ProofWiki talk:Jokes

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Sufficiently Large

$1+1 = 3$, for sufficiently large values of $1$.

You have to stipulate "where $3 \ne 0$" or else the equation won't hold. --GFauxPas 22:30, 5 November 2011 (CDT)

No you don't. It's more subtle than that.
$1.3 + 1.3 = 2.6$
Rounding to the nearest integer:
$1 + 1 = 3$
I hate it when I need to explain my jokes. It means it's not a good joke :-( --prime mover 03:08, 6 November 2011 (CST)
I always thought this joke was subtler still -- a reference to analytic number theorists making entirely false statements true by appending "for sufficiently large x", making the mocking suggestion that they don't check anything properly, just add this all purpose phrase. And yes, I probably could have found a more helpful contribution to make to the wiki --Linus44 (talk) 16:58, 24 September 2012 (UTC)

Lightbulbs

That's 2 lightbulb jokes - are we going to need to start a subsection? --prime mover 17:05, 30 March 2012 (EDT)

Q: How many wikipedians does it take to change a lightbulb? A: (answer removed pending resolution of copyright claims) --GFauxPas 18:19, 30 March 2012 (EDT)
A: Doesn't matter, no point changing it in the first place because someone claiming to be an admin will only change it back again. --prime mover 18:23, 30 March 2012 (EDT)

Beerlogical

Yes, this is interesting stuff; I and some friends of mine tend to play such games when we're in the mood.

Also interesting is the 'beer witness theorem', saying that:

$\exists x: \left(B(x) \implies \forall y: B(y)\right)$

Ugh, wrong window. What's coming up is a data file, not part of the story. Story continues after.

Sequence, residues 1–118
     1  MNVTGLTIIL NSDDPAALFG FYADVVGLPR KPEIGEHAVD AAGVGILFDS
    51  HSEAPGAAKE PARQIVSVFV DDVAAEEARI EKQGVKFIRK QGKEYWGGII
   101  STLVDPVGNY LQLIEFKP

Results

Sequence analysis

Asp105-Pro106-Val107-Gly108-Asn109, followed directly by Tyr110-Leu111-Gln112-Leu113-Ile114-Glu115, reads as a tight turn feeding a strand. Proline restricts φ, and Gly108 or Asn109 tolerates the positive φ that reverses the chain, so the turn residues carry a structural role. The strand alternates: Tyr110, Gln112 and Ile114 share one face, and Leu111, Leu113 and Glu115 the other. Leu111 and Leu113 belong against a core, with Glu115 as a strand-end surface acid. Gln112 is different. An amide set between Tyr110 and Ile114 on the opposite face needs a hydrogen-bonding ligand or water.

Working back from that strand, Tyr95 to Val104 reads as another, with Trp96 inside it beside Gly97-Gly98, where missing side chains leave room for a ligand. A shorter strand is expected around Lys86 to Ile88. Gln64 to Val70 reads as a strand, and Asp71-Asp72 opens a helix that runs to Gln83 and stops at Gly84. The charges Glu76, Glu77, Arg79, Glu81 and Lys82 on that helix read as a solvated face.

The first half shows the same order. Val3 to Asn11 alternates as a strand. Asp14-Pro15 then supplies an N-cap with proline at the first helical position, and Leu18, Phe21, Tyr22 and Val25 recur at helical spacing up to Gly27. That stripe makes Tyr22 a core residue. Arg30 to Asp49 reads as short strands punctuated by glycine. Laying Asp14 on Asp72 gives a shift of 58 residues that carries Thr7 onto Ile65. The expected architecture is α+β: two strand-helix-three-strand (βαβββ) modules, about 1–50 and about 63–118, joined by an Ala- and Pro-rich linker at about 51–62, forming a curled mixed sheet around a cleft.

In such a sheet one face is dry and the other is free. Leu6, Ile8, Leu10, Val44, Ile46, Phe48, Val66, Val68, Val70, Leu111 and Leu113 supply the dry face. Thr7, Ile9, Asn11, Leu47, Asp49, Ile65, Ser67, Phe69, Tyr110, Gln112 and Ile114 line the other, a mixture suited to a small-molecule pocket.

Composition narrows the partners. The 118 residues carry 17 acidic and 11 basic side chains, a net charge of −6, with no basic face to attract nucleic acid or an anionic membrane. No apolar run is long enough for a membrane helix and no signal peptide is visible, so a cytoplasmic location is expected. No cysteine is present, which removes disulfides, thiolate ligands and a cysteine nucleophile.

(i.e., there is a person such that if he is drinking beer, all people are). I recalled this example when contemplating the concerns of certain pioneers in logic that we shouldn't abstract to the infinite without any thought. This crops up as for a finite amount of people, it is the last person you are to ask (or the first that doesn't drink). Thought it'd be nice to give some more thoughts on this. --Lord_Farin 21:20, 5 July 2012 (UTC)

Instant intuitive response: isn't it directly derivable from the contrapositive to "if not everybody is drinking beer, then there exists a person who is not drinking beer"? (I'm not drinking beer. This needs to be corrected.) --prime mover 21:27, 5 July 2012 (UTC)
Nope. Compare $\neg \exists x :P$ and $\exists x: \neg P$; they are different. --Lord_Farin 22:40, 5 July 2012 (UTC)
Never mind ... --prime mover 06:28, 6 July 2012 (UTC)

Proof by Contradiction

I can now finally see where those intuitionistic mathematicians get their motivation from. --Lord_Farin (talk) 08:21, 24 September 2012 (UTC)